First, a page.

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Hoffmann, R. A wiki for the life sciences where authorship matters. Nature Genetics (2008)

Sonic/vocal-acousticolateralis pathways in teleost fishes: a transneuronal biocytin study in mochokid catfish.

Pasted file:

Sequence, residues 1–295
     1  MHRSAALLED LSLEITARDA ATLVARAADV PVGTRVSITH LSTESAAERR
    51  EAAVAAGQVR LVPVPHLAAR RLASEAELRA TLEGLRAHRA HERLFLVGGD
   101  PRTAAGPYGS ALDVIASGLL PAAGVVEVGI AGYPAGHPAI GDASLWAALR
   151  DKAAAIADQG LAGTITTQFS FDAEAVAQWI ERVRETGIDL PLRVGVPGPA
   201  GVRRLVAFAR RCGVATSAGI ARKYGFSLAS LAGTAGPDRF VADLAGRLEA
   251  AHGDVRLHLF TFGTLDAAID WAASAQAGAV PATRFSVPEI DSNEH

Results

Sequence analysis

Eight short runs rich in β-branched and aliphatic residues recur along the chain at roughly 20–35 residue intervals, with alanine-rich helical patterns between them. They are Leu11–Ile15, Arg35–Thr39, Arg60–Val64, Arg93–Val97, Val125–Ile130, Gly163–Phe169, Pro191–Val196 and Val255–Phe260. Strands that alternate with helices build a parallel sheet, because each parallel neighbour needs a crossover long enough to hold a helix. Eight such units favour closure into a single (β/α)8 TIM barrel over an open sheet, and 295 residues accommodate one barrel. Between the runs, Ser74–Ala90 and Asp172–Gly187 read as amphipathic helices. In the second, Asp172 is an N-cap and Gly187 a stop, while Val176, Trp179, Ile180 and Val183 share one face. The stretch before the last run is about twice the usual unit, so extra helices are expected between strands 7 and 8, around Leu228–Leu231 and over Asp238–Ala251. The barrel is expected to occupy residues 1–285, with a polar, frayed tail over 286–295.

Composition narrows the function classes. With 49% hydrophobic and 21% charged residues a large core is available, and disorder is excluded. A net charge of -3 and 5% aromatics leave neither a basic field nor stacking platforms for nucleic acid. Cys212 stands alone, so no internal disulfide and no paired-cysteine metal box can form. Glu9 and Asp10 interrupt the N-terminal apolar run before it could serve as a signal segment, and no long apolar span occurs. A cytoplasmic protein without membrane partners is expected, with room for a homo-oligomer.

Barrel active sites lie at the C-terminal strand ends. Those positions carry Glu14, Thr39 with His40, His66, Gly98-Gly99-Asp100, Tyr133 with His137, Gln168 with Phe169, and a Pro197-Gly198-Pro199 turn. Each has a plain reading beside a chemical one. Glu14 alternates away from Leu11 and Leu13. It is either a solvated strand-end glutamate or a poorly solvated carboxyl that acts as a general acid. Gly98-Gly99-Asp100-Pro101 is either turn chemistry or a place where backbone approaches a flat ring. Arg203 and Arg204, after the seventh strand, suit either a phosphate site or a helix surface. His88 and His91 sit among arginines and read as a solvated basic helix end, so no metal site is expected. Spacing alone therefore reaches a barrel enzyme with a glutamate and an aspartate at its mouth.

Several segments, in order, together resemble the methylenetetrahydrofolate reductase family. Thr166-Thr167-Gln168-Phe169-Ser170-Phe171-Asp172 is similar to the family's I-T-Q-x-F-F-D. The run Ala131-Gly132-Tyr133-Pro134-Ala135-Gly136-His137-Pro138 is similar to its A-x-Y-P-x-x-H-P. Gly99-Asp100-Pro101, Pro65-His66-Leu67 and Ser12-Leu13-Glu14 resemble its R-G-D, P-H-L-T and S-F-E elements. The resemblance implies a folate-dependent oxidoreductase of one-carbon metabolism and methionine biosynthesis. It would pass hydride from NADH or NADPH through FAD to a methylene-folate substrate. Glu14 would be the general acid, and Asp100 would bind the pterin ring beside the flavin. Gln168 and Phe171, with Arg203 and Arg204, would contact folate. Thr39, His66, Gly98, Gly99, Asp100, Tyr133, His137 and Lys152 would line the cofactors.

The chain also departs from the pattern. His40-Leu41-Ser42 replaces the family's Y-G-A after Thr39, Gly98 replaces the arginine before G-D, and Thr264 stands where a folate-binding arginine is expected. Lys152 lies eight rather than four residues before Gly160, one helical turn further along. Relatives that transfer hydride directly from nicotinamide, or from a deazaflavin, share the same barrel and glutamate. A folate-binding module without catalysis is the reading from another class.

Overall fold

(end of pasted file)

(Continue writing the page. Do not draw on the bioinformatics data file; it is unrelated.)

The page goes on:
Mochokid catfish have two sound producing (sonic) organs--a pectoral spine stridulatory apparatus and a swimbladder whose vibration is established by nearby "drumming" muscles. Dextran-biotin or biocytin application to sonic nerves or muscles identified topographically separated motoneuron pools. Pectoral spine-related motoneurons are located within the ventral motor column whereas swimbladder motoneurons lie just ventral to the central canal or fourth ventricle. Axons of both groups of motoneurons exit the brain and spinal cord via ventral roots of occipital (swimbladder and pectoral) and spinal (swimbladder only) nerves. Transneuronal biocytin transport identified an extensive premotor network only for the swimbladder motor nuclei. Premotoneuron somata are located ipsilaterally in 1) a dorsolateral region of the sonic motor nucleus (SMN); motoneurons were clustered in the ventromedial region of the SMN and 2) the ventromedial medulla at the rostral pole of the SMN. Biocytin-filled fibers and less frequently premotoneuron somata were also found in the contralateral SMN. Biocytin-labeled fibers were continuous farther rostrally with 1) a commissural bundle that terminated bilaterally in the medial reticular formation near the caudal pole of the descending octaval nucleus and 2) a lateral brainstem bundle that terminated ipsilaterally in regions of the medulla and cerebellum considered to subserve acoustic and lateral line functions. Together with other data in distantly related teleost fishes, the results support the hypotheses that 1) central pathways linking sound-generating (sonic or vocal) and acoustic regions of the brain are traits common to both teleosts fishes and tetrapods that actively generate sounds, and 2) sonic/vocal pathways in teleosts have a conserved pattern of organization suggestive of common developmental origins.[1]


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